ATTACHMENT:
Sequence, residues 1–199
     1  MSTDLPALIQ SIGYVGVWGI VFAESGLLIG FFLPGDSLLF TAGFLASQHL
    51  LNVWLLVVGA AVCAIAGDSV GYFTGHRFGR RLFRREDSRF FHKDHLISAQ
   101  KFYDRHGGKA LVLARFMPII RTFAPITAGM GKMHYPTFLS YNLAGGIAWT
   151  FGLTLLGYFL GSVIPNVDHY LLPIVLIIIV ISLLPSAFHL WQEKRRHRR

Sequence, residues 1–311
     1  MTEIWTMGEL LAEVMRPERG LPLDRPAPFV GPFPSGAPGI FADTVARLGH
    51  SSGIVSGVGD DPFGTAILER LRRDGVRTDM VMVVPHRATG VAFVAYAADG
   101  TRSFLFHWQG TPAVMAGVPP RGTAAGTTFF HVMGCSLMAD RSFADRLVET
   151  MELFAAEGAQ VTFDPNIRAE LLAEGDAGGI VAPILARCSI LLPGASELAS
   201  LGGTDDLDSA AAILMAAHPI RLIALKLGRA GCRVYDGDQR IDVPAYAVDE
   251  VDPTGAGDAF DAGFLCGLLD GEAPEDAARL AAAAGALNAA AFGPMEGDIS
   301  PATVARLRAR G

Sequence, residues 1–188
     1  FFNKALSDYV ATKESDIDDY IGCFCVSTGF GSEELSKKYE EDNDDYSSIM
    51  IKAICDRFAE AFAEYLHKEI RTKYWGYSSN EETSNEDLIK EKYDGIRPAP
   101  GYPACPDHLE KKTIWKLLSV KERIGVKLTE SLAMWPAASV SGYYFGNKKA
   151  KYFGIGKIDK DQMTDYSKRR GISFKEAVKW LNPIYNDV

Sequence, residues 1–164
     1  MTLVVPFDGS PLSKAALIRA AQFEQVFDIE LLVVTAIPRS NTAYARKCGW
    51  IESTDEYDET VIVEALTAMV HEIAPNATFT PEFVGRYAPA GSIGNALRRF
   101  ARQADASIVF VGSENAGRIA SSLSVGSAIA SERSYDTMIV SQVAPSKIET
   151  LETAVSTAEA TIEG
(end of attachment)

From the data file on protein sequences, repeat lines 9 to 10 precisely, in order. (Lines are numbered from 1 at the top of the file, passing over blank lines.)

   101  TRSFLFHWQG TPAVMAGVPP RGTAAGTTFF HVMGCSLMAD RSFADRLVET
   151  MELFAAEGAQ VTFDPNIRAE LLAEGDAGGI VAPILARCSI LLPGASELAS